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Hoffmann, R. A wiki for the life sciences where authorship matters. Nature Genetics (2008)

Trans splicing in trypanosomes requires methylation of the 5' end of the spliced leader RNA.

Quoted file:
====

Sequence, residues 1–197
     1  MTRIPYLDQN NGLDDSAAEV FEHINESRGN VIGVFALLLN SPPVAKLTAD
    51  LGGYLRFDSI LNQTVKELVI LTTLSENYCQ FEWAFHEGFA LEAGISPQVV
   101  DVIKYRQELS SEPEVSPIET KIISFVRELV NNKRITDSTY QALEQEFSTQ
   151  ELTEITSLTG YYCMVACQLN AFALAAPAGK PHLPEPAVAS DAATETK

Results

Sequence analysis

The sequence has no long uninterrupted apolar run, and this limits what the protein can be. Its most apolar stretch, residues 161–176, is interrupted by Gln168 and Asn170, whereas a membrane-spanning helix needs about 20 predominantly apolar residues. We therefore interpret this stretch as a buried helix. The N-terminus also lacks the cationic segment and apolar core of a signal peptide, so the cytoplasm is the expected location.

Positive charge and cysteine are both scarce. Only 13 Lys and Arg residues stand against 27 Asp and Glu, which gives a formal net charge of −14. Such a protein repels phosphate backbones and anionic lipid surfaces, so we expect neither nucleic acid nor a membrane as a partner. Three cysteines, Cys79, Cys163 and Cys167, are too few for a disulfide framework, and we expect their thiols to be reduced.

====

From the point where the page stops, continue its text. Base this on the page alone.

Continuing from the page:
Trypanosoma brucei spliced leader (SL) RNA contains an unusual cap 4 structure consisting of 7-methylguanosine linked to four modified nucleosides. During RNA maturation, trans splicing transfers the first 39 nucleotides of the SL RNA including the cap structure to the 5' end of all mRNAs. Here we show that exposure of permeable trypanosome cells to S-adenosyl-L-homocysteine inhibits methylation of the nucleosides adjacent to 7-methylguanosine of newly synthesized SL RNA and prevents utilization of the SL RNA in trans splicing. However, trans splicing of the SL RNA preexisting in the cells is not inhibited by S-adenosyl-L-homocysteine as shown by the observation that newly synthesized alpha-tubulin RNA is trans spliced at the same level as in control cells. Therefore, it appears that the newly synthesized SL RNA is the only known component of the trans-splicing machinery that is impaired in its function by inhibition of methylation. Undermethylation does not alter either the stability of the SL RNA or the electrophoretic mobility and chromatographic behavior of the core SL ribonucleoprotein particle. Taken together, our data suggest that the cap 4 structure of the SL RNA plays an essential role in the trans-splicing process.[1]


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